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Published: June 13th 2010
In order to get to Srinagar, one must first go to Jammu, a place that had not received flattering reviews from those I’d spoken to who had been. We jumped on the local bus at Dharamsala, for what should have been a 5 hour bus journey, but as is so often the case in these matters it turned out to be more like 8 hours, after the bus scraped a car that some fool had parked right in the middle of the street and we took an off-road diversion through a dusty quarry. So a little later than expected we arrived in Jammu, hot and eager to get on. The bus station in Jammu is not a nice place; there’s no pavement and its basically a main road, furthermore, the gutters are piled high with rotting waste, which stinks. A helpful tout pointed in the direction of his bus to Srinagar (the only one, he assured us) and we booked our seats for the 12 hour journey for R400 which was very reasonable. At some stage in the morning the bus passed through a large tunnel in the mountains and we had a brief panoramic view of the Kashmir Valley in all its glory at sunrise, beautiful! It was still a good few hours to Srinagar from here, but the military presence from this point was immense, pillboxes containing heavy machine gunners on the entrance to every settlement, army barracks at regular intervals, and a large number of soldiers heavily armed on patrols at the side of the road, some with metal detectors presumably scanning for bombs.
Rather unexpectedly and unhelpfully, the bus dropped us off at some random place 13km from Srinagar, and we were immediately surrounded by touts offering this that and the other, and every single one of them offering ‘good price’. If I could have a fiver for every time someone has offered me ‘good price’ I’d be a rich man indeed. That said we did need to find somewhere to stay so we headed off with an enthusiastic dude to check out his houseboat. Upon arriving at the water we jumped on a Shikara and we were peacefully paddled along Lake Dal to the boat. Srinagar and Lake Dal are amazing, there was perfect blue sky and snow capped mountains in the distance. Initially we arrived at what can only be described as a floating palace, a covered with ornate wooden carvings and the sort of beautifully carved furniture normally seen in stately homes. After a good chat with the friendly owner we talked about budgets (after an excellent breakfast of Kashmiri bread and large quantities of Kashmiri tea). Eventually we moved to a slightly less palatial vessel, but very nice all the same and took some rest. For the next day and a half we lived very comfortably, and the home cooked food we were given was incredibly tasty, perhaps the best food I’ve had in all of India. Sitting on the terrace by the water, with the mountains in the background relaxing with tea was amazing and exactly what was needed after a long journey. A friend had described the place to me as being like having died and gone to heaven, and I can certainly see what he was getting at, its paradise. Also, to make things even better there’s a boat selling beer and other essentials that comes by every so often.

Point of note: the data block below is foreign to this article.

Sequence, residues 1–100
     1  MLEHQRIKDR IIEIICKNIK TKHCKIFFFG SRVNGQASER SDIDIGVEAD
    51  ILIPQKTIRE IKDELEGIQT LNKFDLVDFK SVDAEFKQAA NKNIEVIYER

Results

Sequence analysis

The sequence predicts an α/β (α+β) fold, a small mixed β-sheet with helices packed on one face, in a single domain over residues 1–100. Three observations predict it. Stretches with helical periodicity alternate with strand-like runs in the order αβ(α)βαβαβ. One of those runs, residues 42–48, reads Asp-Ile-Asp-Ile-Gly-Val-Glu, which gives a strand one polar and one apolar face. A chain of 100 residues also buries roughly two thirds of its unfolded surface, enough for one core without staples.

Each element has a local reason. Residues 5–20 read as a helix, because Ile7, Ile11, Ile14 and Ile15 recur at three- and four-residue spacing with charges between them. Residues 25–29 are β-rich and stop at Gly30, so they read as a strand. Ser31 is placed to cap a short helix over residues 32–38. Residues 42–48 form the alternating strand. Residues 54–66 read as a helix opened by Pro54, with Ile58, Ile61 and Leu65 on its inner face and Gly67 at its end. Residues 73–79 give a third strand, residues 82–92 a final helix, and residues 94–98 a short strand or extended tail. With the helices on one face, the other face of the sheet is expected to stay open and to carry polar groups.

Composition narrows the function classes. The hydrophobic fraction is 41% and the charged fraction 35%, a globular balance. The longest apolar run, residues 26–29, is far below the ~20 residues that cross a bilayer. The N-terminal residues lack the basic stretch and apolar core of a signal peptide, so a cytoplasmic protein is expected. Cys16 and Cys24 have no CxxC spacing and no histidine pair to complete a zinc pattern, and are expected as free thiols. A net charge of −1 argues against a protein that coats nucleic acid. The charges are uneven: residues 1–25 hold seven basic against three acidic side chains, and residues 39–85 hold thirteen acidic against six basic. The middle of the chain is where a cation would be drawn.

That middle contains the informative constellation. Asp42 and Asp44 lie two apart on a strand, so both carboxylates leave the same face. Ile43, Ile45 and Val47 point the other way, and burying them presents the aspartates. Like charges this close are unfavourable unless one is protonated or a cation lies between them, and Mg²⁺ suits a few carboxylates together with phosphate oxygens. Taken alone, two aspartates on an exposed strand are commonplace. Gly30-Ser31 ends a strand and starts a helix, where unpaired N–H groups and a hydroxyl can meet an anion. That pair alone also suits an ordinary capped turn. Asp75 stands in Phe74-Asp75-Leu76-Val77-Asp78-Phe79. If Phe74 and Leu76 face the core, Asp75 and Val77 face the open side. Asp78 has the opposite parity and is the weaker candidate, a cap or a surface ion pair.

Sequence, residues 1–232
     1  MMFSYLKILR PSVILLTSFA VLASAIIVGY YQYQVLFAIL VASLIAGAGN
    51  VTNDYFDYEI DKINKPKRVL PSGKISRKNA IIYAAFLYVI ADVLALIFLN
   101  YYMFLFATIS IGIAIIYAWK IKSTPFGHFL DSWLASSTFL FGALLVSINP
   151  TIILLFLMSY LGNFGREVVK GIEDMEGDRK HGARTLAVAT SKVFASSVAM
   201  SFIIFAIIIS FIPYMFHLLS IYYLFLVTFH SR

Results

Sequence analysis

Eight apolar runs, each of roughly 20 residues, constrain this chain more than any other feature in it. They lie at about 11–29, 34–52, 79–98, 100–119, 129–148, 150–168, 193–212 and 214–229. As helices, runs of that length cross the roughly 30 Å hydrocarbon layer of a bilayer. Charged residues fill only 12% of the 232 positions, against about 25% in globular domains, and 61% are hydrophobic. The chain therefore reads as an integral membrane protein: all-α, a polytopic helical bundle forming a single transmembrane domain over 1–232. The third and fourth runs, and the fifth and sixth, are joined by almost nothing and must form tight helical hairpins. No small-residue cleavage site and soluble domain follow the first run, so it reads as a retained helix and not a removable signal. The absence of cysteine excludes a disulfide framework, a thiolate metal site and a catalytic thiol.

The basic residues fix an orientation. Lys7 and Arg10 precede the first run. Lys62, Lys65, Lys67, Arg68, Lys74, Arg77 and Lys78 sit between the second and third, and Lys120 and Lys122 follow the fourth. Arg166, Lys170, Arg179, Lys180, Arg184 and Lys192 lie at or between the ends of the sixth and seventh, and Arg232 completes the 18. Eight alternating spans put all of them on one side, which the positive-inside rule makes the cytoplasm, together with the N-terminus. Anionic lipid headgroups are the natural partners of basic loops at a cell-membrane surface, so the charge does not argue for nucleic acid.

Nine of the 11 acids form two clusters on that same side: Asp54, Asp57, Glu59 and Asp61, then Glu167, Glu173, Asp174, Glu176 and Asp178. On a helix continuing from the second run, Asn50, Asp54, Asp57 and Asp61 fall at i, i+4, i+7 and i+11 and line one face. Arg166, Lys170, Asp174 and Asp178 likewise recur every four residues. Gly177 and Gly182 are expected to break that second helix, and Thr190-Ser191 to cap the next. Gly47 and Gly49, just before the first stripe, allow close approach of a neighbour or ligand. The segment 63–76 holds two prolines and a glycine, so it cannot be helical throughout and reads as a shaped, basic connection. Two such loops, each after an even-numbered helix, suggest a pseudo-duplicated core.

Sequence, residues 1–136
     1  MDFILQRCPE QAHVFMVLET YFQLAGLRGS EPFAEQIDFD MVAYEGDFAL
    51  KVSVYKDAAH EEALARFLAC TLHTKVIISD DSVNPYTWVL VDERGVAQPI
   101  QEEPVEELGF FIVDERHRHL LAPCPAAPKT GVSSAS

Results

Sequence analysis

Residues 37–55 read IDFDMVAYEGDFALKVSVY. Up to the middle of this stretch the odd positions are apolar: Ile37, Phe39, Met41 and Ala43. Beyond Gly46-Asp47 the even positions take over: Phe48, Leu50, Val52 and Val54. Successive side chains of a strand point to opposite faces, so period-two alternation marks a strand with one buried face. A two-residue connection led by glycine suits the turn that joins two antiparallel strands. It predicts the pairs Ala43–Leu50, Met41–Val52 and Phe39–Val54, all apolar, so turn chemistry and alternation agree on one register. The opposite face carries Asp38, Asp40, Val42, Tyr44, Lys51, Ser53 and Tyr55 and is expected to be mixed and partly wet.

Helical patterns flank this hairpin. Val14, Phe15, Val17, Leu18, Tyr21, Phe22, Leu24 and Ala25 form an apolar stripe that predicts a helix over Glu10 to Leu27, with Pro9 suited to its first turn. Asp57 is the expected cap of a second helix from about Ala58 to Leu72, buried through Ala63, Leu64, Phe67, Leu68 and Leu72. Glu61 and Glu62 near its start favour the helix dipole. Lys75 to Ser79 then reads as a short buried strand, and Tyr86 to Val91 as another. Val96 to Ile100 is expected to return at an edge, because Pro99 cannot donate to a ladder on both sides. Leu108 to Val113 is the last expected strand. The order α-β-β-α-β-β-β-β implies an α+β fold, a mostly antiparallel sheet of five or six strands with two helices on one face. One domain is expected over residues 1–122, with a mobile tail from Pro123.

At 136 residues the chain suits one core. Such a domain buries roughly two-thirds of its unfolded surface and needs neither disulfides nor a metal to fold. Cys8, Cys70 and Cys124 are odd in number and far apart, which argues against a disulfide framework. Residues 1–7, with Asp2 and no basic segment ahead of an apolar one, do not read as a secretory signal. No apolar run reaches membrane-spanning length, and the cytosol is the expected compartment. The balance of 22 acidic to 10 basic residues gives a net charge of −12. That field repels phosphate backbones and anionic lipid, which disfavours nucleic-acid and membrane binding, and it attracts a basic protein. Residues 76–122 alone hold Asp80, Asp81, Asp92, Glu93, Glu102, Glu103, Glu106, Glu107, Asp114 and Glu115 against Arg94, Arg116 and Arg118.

The next day was much busier as the day after we were planning to go to Leh, and there’s much to be seen in Srinagar. Our man on the boat sorted us out with a driver to take us to all the main sights, which for us was perfect as we were very limited on time, though its not so easy to go off on your own, and some people do feel a little babysat when they come to Kashmir. Srinagar is very different from all the other towns I’ve visited in India, one thing that is particularly nice is that there isn’t rubbish and shit all over the street and it doesn’t smell. Also the old town has some amazing carved wooden buildings. We were taken to some really spectacular mosques built in the 1300s, and also visited some beautiful old gardens. Our driver turned out to be abit of a legend, as he dealt with all the people trying to sell us stuff we didn’t want and introduced us to some really nice food.